Newtown Festival, Wellington, New Zealand: Bands, photos & 35mm Film
Last week I attended the Newtown Festival in the suburb of the same name, in Wellington, New Zealand. It was the first time I had attended, being a recent immigrant to the capital city.
Newtown is an old central area, partially, but not entirely, gentrified. It is located in a sunny valley. Many houses are old wooden villas, some looking a bit rough, others fresh and brightly painted. The shopping centre, quiet during the week, is a mix of new, old with a multicultural vibe. I live higher up the hill in nearby Brooklyn, but I’d happily be down in Newtown. It’s a bit more gritty. It has good second-hand book and record shops.
I’d heard of the Newtown Festival because of the bands that had played there over the years; The Courtneys, Mermaidens and others I know and work with. From the occasional photos, I’d seen the festival looked part Notting Hill Carnival, part music festival; hazy urban sunshine mixed with Wellington thespianism.
Music and Bands at the Newtown Festival
This year there were a lot of good bands to see. Wax Chattels of course - plus a cast that included friends, friends of friends, associates; indi, Earth Tongue, Onono, All Seeing Hand, The Beths, Carb on Carb and a whole lot more.
I took along a couple of cameras, shot some 35mm film on my Nikon FE2. There were a lot of interesting people - great for street photography. I was glad I’d taken colour film (Ektar 100). I also filmed a bit of random footage - bands and people wandering around. You can see the video here:
Attending the festival got me thinking about some of the differences between Auckland, (NZ’s biggest city, my hometown and from where I have just moved) and Wellington. Mostly the differences I was thinking about were in the music environment. And related, the differences in the attention music in each city gets.
Auckland is more prominent and louder; home to the music industry. Most of the NZ media is also based there. Auckland is a more mainstream city and gets all the attention. Wellington, in contrast, is more experimental, leftfield. Often it’s music doesn’t enter the national awareness.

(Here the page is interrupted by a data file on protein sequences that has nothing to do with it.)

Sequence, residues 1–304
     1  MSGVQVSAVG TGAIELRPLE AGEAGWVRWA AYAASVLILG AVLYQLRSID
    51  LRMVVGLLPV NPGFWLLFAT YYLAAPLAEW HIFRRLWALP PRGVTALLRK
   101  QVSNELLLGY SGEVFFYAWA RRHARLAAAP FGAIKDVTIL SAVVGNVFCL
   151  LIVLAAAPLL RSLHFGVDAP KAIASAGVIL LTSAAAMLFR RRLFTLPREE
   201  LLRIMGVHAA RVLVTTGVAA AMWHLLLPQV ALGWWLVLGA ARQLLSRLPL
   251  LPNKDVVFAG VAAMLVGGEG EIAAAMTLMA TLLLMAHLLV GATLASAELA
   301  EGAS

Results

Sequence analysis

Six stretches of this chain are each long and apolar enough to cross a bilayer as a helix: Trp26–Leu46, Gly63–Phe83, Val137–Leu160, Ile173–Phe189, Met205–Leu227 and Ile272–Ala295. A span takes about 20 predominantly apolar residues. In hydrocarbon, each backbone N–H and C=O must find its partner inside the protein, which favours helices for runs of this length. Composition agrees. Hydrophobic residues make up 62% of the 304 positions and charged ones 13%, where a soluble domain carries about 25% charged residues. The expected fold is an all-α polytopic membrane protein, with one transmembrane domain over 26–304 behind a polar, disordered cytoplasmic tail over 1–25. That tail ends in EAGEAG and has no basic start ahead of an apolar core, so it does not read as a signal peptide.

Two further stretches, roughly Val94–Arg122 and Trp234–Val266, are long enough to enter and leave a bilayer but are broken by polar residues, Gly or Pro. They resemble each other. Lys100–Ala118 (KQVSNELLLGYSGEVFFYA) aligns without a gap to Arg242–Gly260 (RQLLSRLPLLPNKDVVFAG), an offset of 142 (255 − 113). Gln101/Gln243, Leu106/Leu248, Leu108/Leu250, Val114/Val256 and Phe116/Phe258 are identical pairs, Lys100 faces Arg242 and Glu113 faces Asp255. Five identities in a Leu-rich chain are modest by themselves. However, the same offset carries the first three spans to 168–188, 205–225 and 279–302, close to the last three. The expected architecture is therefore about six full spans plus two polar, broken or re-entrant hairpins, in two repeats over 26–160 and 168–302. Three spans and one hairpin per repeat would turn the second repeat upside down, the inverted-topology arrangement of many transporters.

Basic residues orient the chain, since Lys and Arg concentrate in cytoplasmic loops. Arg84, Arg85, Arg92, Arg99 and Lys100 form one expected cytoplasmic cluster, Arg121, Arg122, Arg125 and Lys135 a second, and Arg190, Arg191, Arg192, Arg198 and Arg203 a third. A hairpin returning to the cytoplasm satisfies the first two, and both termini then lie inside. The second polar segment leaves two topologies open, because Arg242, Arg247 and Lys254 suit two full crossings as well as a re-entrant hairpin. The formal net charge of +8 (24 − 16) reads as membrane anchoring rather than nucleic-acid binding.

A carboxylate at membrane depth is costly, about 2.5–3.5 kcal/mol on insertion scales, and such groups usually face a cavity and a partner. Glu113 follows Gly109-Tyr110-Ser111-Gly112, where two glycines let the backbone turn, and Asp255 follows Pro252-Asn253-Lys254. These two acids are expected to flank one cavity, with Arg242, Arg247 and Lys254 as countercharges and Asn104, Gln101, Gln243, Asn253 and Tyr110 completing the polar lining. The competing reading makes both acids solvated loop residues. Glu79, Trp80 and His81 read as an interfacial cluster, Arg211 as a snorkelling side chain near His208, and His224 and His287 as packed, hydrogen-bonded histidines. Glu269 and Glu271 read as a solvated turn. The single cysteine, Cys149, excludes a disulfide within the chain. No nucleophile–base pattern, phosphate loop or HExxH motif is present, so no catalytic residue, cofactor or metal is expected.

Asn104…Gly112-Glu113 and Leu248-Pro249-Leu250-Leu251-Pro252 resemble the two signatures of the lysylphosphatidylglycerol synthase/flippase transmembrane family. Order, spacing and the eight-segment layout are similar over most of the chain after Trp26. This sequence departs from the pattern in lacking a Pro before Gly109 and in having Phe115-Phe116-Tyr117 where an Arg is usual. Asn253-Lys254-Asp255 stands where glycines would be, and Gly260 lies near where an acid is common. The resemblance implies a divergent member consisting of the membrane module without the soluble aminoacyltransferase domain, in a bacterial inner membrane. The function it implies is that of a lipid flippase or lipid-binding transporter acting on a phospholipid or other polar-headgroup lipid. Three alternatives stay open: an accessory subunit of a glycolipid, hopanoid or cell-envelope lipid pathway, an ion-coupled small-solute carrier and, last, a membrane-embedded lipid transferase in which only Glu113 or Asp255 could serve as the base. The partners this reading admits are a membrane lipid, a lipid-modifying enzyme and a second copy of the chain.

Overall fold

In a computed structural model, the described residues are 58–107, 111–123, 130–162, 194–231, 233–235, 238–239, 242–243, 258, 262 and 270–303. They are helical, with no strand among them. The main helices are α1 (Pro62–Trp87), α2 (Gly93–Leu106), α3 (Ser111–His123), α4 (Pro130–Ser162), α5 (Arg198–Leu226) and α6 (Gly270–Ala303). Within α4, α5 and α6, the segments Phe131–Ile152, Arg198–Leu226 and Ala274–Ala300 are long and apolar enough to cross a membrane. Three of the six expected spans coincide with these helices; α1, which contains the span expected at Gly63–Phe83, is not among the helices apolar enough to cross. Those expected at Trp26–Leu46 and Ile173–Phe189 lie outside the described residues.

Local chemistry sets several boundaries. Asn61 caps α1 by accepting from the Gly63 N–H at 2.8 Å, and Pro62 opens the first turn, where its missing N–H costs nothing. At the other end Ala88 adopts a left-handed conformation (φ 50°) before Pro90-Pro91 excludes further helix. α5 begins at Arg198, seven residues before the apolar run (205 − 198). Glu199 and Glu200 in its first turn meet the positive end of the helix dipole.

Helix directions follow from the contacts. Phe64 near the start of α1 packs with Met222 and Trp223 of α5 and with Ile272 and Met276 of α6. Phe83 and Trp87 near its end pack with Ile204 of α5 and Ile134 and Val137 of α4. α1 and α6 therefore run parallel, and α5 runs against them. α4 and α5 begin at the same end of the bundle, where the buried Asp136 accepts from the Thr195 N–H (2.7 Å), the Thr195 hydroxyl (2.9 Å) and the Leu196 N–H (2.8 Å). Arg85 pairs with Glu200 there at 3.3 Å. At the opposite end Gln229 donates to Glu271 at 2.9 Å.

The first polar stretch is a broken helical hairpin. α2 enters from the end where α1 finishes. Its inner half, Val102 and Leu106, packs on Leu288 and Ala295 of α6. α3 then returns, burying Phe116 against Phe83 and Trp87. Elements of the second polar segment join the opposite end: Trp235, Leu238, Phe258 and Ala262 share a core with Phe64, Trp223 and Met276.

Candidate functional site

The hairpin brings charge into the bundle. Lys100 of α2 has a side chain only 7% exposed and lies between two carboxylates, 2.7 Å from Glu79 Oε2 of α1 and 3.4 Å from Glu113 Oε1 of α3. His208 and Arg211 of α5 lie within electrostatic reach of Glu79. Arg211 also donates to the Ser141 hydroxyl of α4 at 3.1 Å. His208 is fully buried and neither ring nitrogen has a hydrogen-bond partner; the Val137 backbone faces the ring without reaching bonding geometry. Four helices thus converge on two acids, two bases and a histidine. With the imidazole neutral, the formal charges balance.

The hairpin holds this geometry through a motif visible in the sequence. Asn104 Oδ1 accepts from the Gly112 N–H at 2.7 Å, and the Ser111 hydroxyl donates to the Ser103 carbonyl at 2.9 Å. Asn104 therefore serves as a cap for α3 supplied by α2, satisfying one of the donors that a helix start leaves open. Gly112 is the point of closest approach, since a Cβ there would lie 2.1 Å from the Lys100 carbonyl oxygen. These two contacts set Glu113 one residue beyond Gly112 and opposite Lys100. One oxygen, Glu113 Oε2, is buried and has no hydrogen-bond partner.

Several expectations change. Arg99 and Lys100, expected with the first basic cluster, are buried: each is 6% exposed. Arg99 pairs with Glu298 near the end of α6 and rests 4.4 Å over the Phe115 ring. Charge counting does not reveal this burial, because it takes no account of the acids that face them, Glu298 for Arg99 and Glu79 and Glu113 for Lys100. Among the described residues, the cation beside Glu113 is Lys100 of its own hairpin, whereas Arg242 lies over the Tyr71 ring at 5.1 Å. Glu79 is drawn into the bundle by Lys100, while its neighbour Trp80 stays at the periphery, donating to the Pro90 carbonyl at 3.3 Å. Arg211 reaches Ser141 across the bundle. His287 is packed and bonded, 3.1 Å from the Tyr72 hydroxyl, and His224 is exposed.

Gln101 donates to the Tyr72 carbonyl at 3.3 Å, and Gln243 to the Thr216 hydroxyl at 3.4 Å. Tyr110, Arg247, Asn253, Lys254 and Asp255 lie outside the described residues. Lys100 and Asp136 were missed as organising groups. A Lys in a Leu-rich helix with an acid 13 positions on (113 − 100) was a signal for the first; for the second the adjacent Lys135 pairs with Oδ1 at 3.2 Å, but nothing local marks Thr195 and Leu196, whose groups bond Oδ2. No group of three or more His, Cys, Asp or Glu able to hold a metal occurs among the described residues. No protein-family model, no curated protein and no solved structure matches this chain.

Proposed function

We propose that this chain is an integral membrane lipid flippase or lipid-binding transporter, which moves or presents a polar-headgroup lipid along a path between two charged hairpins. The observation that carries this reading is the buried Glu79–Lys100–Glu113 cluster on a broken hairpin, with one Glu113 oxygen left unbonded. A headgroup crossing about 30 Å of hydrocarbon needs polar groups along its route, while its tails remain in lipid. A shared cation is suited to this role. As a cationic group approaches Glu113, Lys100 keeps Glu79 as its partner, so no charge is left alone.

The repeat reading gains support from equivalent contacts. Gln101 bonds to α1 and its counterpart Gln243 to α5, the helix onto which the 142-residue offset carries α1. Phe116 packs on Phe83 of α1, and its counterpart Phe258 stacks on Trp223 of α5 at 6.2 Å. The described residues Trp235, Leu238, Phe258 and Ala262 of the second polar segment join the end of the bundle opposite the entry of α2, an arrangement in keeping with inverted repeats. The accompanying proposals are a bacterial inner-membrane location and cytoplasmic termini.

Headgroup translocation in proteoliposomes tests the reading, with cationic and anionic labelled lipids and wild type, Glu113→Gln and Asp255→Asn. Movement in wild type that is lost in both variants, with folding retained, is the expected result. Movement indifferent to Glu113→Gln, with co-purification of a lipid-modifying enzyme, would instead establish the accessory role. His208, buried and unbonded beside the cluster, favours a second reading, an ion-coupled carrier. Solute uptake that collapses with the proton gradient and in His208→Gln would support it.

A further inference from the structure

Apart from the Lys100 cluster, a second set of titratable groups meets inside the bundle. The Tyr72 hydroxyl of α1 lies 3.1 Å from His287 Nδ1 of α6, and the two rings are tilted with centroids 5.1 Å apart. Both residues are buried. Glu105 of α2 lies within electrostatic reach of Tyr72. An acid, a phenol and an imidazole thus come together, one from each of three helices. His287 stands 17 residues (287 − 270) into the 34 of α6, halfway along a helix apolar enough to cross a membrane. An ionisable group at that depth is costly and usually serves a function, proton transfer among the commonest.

In theory, I already knew this. But I hadn’t noticed how it works.
The Newtown Festival is big. Apparently, 80,000 people go. This year more than 100 bands were playing on about 12 stages, not to mention hundreds of stalls, entertainers and improvised children’s playgrounds spread across kilometres of closed streets. Pretty much every specialist interest was represented here, from shooting bow and arrows at guys dressed as medieval knights, to radical left-wing political advocates. Anything weird and wacky goes - including the music. People come in their droves to get involved.
One of the reasons they come is because the music is (mostly) outstanding. All Seeing Hand performed on the back of a suitably grubby truck, Earth Tongue blasted out intergalactic psyche-rock from a carnivalesque caravan, Wax Chattels and the Beths played big rock shows, other known and unknown dirty punk bands, violinists and more just set up in front of (the excellent) Death Ray Records and Ladi6 got the big stage hopping. Anything that wasn’t so good was at least entertaining - community trumpet bands, experimental DJ’s and other freaky stuff.
On the same weekend as the Newtown festival, further north, was the Auckland City Limits music festival. A more standard music event, headlined by Grace Jones, Phoenix and Beck, it was apparently attended by 20,000 people - about a quarter of the Newtown festival.
Auckland City Limits looked like a fun day, and its story was everywhere. The next day, at home, surfing the news websites, social media and elsewhere you would think it was the only music event happening over the weekend. There were multiple stories about how great Grace Jones was, but how All Black Dan Carter ruined the end of her performance, the beer was discussed, scheduling issues and more. My social media feeds were full of it.
In contrast, if I hadn’t gone myself, I wouldn’t have even known the Newtown Festival had taken place. It was like a phantom festival. Plenty of buzz when you were there, but zero in the media or from music tastemakers afterwards.
Admittedly, there are many differences between these events. One is a paying ticket event with international bands/acts and the other being a free event with mostly underground local groups. There are other factors; perhaps I have more cool industry facebook friends from Auckland posting stuff, maybe the PR team at Auckland City Limits are real pro’s? (yep, they are). Possibly Newtown Festival doesn’t need the publicity?
I’m sure it’s no conspiracy, but the difference in attention was marked. One much larger music event, which has been going for 20 years, attended by apparently 80,000 people, all local performers, goes mostly unnoticed by anyone who wasn’t there. Another music event, attended by a quarter the people (20,000), a mix of international and local acts, eats up all the attention (both good and bad). One in Wellington, the other in Auckland.
I’m not sure if this discrepancy is a good or a bad thing, but it exists.
I now have sympathy for those non-Auckland creatives who feel aggrieved they have to work extra hard and have twice the talent to get noticed. But I also like the fact that this city just gets on with it and does interesting shit. No need for the hype and bluster. As they say, the coolest people don’t know it.